1. Forum
  2. >
  3. Topic: Greek
  4. >
  5. "Έχεις λίγο ψωμί;"

"Έχεις λίγο ψωμί;"

Translation:Do you have some bread?

October 3, 2016



Why is this in a lesson about time?


I agree with your question. Isn't λίγο an adverb of intensity?


Please add "Do you have any bread?" and "Have you any bread?" as possible correct answers. They are at least as correct as the questions using some.

I won't argue that the existing translations are ungrammatical, though they feel odd to me, because presumably quite a number of native English speakers have had no problem with them - but please do add the questions using "any". Using a positive polarity item like "some" in the context of a question feels very wrong to me.

  • 267

"Do you have any bread?" and "Have you any bread?" have been added. It's not a matter of grammar but of usage and there are many possible as you see. "some" can correctly be used when we expect a positive reply. E.g. "Could you bring me some water?" Thank you.


Hi, this can also be translated as 'Do you have a little bread?' in English - we don't mean a 'small-sized piece of bread' we mean a 'small amount of bread'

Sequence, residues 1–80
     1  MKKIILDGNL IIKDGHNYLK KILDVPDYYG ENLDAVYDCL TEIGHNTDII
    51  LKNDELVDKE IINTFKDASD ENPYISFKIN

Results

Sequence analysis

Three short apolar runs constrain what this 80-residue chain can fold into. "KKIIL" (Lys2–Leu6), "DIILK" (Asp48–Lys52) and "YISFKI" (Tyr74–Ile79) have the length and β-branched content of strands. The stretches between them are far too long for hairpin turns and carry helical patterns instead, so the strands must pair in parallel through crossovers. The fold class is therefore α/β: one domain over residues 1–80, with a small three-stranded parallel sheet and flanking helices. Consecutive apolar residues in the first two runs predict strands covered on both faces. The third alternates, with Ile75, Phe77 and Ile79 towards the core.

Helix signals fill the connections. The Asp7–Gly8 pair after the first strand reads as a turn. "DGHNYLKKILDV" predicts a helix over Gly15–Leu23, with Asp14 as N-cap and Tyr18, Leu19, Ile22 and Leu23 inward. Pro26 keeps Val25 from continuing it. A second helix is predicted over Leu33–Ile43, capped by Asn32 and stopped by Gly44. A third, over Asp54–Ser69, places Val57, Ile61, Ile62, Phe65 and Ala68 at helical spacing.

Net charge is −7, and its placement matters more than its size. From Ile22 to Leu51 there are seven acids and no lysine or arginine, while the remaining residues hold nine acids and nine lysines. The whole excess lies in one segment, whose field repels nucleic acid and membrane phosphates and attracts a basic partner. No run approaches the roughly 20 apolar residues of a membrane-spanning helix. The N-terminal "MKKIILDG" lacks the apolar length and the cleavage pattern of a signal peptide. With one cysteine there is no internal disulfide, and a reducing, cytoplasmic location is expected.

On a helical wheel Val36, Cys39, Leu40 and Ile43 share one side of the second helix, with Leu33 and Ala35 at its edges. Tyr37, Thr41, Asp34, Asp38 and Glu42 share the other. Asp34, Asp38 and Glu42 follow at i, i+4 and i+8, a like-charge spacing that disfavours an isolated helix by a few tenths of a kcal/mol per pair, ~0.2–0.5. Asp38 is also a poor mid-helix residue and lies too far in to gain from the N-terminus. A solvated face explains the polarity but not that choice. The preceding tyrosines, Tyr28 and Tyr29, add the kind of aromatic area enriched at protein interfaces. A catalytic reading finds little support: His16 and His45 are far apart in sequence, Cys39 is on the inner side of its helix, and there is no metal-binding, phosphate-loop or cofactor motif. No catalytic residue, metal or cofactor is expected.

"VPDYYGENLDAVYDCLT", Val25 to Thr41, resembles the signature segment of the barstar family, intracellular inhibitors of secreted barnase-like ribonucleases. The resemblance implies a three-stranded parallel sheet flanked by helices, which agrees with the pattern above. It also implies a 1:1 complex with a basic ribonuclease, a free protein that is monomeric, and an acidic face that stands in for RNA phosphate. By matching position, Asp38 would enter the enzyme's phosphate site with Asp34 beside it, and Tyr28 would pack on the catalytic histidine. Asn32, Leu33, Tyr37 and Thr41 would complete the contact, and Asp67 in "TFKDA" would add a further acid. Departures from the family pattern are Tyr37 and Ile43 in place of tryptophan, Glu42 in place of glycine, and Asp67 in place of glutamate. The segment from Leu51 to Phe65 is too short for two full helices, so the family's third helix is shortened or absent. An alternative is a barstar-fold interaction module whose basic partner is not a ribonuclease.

I think there is a slight problem here "have you got a little bread?"is not accepted ; correct translation : "have you got a little" ! Where has my bread gone ? ;-)))

  • 267

I was hungry. :-) Sorry, I've added it. Thanks for the input sometimes something so simple gets left out.


'Do you've a little bread' is not okay in English. Has to be 'do you have'. You can say 'you've got' but not 'do you've'

  • 267

As this is a question we would not have both "do" and "'av" in the sentence. "you've got" again is not question form. I'm afraid your versions cannot be accepted as they are not standard English. thank you for your interest.


I miss the ? Or does this not exist in Greek?

  • 168

The question mark in Greek is (;), what in english you call a semicolon. ;)

Learn Greek in just 5 minutes a day. For free.